How the market has changed in the 20+ years I've covered it

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There have been a LOT of changes on Wall Street since I first joined CNN in November 2001.

The Dow was trading just below 10,000 at the time. It’s now a little above 33,000. And some of the companies that were still among that blue chip average are no longer in the Dow. Eastman Kodak

was a Dow stock. So were Alcoa

, GM

and Philip Morris


Oil prices were hovering around $18 a barrel more than 21 years ago, an unimaginable level given its current price of about $78 — and it’s been even higher in recent years.


still was generating the majority of its revenue from the sale of books, CDs and DVDs. Google

was a young, privately held startup in late 2001 and Facebook didn’t exist. Nor did YouTube, Twitter, Snapchat

or TikTok. Bitcoin and other cryptocurrencies were nearly a decade away from being created.

You get my point. The market landscape now is starkly different than it was two decades ago. That being said, I’d like to think that many rules of investing remain constant.

If I’ve learned anything in my nearly three decades as a financial journalist (I started my career just out of college in 1995 at the long-defunct Financial World magazine) it’s that “this time is different” is perhaps the biggest myth in investing. There are variations on that theme but, to quote Led Zeppelin, “the song remains the same.”

Today’s meme stocks may be popular with the Robinhood crowd for example, but before individual investors were touting the likes of GameStop

and AMC

on Reddit (which was founded in 2005, by the way) individual investors chatted about hot tech stocks on message boards such as, Silicon Investor and Yahoo Finance.

A scene from when my CNN careeer began. Traders working on the floor of the New York Stock Exchange in November 2001.

There always have been fads in tech, and momentum investing has moved markets for decades. Traders will always seek to capitalize on headlines. Heck, my first story for CNN – as a freelancer in October 2001 – was about small biotechs that were surging due to concerns about anthrax and other possible bioterror attacks in the wake of 9/11.

Over the years I’ve seen dot coms crash and rise again. I’ve written about B2B (aka business-to-business) software companies, cloud computing firms, IPOs and SPACs, and cannabis/pot stocks. There have been more flavors of the month in the stock market during my CNN career than at your local Baskin-Robbins.

That’s why investing strategists say most people should continue to invest for the long haul and try to have a truly diversified portfolio. Hint: If you own big stakes in Tesla

and Ford

and not much else, having exposure to both electric vehicles and gas guzzling cars doesn’t count as a diversified portfolio.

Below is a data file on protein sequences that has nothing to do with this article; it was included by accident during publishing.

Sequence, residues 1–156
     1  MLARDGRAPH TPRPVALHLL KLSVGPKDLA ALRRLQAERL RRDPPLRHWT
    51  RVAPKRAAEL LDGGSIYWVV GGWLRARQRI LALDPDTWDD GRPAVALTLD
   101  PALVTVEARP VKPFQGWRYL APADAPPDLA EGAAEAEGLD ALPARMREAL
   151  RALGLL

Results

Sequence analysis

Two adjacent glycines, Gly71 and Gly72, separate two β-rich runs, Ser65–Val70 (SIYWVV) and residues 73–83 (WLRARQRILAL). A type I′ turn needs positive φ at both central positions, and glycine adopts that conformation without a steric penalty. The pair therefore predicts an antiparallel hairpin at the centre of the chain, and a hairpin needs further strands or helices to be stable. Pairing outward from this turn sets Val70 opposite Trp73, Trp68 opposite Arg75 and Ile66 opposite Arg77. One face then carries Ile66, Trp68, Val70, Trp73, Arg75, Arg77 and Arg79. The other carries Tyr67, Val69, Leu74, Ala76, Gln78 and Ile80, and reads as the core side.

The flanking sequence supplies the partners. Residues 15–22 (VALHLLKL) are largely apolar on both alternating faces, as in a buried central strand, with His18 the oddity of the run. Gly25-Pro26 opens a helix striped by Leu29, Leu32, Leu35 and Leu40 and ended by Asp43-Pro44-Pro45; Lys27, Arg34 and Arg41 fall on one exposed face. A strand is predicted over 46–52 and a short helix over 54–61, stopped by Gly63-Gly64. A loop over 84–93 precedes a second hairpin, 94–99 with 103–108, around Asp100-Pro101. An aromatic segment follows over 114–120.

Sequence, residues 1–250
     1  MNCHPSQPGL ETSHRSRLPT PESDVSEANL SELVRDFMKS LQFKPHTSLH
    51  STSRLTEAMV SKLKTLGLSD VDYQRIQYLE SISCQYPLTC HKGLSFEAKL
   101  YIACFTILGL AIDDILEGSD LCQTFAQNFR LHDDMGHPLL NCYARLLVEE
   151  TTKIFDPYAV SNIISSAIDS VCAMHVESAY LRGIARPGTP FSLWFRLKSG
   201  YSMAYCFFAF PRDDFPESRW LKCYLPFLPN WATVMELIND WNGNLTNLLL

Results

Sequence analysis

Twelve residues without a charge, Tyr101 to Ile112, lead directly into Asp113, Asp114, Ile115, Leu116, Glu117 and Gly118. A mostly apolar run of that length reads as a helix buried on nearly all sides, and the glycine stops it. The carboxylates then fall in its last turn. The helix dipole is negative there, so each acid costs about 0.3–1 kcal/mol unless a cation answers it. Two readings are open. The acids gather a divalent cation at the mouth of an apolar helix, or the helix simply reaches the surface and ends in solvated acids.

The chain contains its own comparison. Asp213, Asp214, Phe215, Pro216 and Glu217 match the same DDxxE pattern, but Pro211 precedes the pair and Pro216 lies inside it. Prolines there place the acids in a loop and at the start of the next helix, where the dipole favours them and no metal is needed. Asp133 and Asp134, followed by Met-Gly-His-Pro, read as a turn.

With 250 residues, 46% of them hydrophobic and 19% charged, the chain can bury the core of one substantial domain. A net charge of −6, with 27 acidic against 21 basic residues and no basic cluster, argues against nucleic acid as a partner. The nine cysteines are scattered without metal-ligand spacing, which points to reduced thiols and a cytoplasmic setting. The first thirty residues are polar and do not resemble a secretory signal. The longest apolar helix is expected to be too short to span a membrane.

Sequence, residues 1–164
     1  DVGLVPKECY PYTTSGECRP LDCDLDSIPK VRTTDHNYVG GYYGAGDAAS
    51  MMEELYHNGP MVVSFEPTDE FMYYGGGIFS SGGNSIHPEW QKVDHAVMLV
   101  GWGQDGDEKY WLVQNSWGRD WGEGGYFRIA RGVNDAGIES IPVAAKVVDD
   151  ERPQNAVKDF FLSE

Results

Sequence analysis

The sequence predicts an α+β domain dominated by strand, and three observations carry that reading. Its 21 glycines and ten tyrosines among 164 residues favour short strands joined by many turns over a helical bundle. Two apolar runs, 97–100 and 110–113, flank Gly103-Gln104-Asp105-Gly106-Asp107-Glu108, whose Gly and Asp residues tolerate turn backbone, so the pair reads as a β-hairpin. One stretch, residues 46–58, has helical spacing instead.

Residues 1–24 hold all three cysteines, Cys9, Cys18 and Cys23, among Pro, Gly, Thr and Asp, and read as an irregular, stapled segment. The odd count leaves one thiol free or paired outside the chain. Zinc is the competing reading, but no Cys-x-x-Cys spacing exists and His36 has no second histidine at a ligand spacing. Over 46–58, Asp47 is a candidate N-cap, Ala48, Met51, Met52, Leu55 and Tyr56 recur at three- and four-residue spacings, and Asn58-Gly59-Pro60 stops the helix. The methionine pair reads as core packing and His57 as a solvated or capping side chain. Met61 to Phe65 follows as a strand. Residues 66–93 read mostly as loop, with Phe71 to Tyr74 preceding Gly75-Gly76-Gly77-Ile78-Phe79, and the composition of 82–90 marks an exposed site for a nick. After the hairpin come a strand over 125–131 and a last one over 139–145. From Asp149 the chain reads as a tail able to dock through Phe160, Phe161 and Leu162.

Still, experts also remind investors to not be afraid of taking some risks. It’s fine to have a lot of your money in S&P 500 ETFs and other funds that will track the broader market. But it’s also okay to channel your inner Warren Buffett and look for individual winners.

“Passive investing should be a core of your portfolio, but that doesn’t mean there’s not a place for actively picking stocks,” said Andrew Patterson, senior economist at Vanguard.

You may be unable to go through a lifetime completely avoiding stocks that totally implode, but if you also own big, long-time winners (think Buffett’s Berkshire Hathaway

, Walmart

and Microsoft

) that can more than make up for any dogs in your portfolio.

“A few very good decisions can make the difference and make up for any duds,” said Bill Stone, chief investment officer with The Glenview Trust Company. “You have to have humility and accept you will make mistakes. But you have to let your winners win.”

This means looking for stocks that are on sale. Investors sometimes make the error of ignoring stocks that have been beaten up a bit for fear that they will never rebound. Stocks that get unfairly punished can wind up as great bargains.

“If you have a plan to get through the good times, it should be a plan to get you through more challenging times as well,” said Vanguard’s Patterson.

Along those lines, I wrote a story in January 2003 about Apple

. Many on Wall Street and Silicon Valley were writing it off as a niche maker of Mac computers and ignoring its newer iPod and iTunes digital music businesses.

I argued that Apple wasn’t getting enough credit for the tons of cash on its balance sheet and for its expansion into new growth areas. (The first iPhone was four years away.)

Apple’s stock was trading at 23 cents a share (adjusted for splits) at the time – yes, you read that right – and its market value was a trifling $5.4 billion. Apple shares are now worth more than $145 apiece and the company’s market cap is $2.3 trillion.

“Valuation always matters,” Stone said. “Don’t overpay.”

Another key takeaway for investors? Don’t sweat what you can’t control. Inflation jitters and worries about Federal Reserve rate hikes rocked the markets last year and have led to more volatility this year as well.

But it’s impossible to time the market. You will never pick exactly when a recession begins or ends or whether stocks are at a top or bottom.

“We still continue to believe that over long periods of time, stocks provide a reasonable hedge against inflation,” Patterson said. “Bonds are back, too, given where yields are. They provide diversification and income.”

So as I get set to leave CNN, the current market landscape may look a bit different now than it did when I first started. But investing for the long term is as savvy an idea in 2023 as it was at the beginning of this century.